In the Nick of Time: Thoreau's "Present" Experiment as a Colloquy of East and West

in Religion and the Arts
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Abstract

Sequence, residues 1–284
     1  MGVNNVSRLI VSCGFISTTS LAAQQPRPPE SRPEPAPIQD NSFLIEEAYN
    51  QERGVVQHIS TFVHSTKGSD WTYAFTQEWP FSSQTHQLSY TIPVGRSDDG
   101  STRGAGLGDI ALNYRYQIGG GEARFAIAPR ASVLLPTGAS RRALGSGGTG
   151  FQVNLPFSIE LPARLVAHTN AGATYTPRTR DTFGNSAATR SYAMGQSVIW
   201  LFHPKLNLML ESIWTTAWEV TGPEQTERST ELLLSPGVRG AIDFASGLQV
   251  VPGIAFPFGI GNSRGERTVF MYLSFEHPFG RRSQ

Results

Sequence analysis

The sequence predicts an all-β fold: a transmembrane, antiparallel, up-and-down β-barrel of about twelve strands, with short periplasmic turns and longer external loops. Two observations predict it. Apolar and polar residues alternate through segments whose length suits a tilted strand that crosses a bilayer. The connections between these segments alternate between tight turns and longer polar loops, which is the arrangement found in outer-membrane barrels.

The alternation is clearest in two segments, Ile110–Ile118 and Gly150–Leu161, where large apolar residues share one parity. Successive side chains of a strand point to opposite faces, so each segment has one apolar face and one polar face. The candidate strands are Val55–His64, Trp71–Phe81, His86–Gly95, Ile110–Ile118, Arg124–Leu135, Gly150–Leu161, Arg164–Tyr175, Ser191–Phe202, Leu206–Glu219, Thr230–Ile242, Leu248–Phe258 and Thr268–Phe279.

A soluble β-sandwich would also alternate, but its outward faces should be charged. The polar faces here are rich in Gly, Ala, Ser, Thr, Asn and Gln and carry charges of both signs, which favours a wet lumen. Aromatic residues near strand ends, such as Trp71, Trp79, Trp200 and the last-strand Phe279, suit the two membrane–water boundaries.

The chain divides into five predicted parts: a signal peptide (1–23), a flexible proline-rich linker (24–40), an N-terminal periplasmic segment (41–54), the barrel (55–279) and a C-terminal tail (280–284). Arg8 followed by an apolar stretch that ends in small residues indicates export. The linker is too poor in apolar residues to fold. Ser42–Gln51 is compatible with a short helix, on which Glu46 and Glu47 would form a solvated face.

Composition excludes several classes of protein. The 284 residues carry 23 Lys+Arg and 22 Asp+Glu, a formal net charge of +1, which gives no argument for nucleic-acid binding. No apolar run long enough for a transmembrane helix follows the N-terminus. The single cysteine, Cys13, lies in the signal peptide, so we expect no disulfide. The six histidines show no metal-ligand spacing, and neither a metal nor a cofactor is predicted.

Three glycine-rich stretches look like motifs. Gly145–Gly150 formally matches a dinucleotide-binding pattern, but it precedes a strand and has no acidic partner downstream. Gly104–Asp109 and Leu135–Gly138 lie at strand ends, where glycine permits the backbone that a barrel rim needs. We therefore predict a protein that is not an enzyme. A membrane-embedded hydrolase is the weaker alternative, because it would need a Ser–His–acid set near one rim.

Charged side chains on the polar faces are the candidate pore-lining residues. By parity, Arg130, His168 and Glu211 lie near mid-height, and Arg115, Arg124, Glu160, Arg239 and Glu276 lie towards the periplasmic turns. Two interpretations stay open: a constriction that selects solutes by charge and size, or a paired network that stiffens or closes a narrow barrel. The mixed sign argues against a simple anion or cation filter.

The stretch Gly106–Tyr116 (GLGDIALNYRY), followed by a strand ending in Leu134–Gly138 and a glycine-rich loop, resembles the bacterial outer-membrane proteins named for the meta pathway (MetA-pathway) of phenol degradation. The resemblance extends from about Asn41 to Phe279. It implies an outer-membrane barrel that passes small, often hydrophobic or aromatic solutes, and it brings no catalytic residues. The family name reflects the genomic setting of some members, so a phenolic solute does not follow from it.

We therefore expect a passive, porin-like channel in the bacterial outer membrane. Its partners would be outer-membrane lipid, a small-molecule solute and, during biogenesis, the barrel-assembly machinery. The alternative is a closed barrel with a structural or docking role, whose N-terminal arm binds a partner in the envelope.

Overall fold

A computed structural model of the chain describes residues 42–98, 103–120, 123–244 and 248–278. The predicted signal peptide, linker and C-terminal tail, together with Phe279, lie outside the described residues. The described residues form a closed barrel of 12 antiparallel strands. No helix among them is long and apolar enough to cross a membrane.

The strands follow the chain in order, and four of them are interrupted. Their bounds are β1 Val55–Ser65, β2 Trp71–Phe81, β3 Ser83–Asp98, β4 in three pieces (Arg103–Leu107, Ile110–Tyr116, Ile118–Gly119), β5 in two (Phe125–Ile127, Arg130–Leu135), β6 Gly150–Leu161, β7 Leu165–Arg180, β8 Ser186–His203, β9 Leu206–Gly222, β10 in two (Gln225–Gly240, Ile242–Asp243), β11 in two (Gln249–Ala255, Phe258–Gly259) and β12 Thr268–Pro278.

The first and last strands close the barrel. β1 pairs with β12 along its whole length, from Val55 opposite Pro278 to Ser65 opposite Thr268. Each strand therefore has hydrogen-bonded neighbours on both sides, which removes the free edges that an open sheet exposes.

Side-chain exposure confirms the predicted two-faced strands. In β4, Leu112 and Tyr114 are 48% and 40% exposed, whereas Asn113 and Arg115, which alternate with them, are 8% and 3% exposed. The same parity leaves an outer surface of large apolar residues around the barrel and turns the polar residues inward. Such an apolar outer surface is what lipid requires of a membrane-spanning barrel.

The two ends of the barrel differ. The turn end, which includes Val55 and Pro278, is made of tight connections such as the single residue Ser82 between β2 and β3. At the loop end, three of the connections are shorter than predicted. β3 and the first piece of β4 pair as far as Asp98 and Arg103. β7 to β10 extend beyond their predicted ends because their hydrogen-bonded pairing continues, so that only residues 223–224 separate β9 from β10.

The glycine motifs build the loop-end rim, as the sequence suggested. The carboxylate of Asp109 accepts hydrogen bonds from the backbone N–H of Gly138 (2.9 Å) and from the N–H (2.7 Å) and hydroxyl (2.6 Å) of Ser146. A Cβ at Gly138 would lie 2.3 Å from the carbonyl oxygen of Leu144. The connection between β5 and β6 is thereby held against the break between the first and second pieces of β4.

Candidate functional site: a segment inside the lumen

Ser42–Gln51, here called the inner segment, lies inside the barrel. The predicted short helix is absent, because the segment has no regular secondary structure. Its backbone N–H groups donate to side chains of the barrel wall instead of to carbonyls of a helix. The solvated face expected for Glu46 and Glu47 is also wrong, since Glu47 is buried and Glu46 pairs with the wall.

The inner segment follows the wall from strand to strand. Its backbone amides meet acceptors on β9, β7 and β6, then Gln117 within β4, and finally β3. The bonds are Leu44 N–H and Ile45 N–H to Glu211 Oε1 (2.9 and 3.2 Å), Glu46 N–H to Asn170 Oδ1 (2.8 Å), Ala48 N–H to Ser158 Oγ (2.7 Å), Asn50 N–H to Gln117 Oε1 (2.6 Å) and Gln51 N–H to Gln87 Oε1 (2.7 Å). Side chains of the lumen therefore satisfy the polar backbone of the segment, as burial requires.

A central expression of the thematic structure of Henry David Thoreau's first two books, A Week on the Concord and Merrimack Rivers and Walden, and essential to several of the epiphanies that famously appear there, are his meditations on the nature and significance of time. Seldom, however, have these richly conceived passages been considered other than through strictly literary eyes. The objective of this essay is to examine the theological implications of Thoreau's representations of time with particular reference to two classical treatments that seem of particular relevance here: those found in Augustine's Confessions and the Hindu classic, the Bhagavad Gita. The purpose of this discussion is two-fold: to consider the theological cogency of Thoreau's treatment of time for its own sake and to reconsider Thoreau's position with respect to two theological traditions of which he was arguably an heir.

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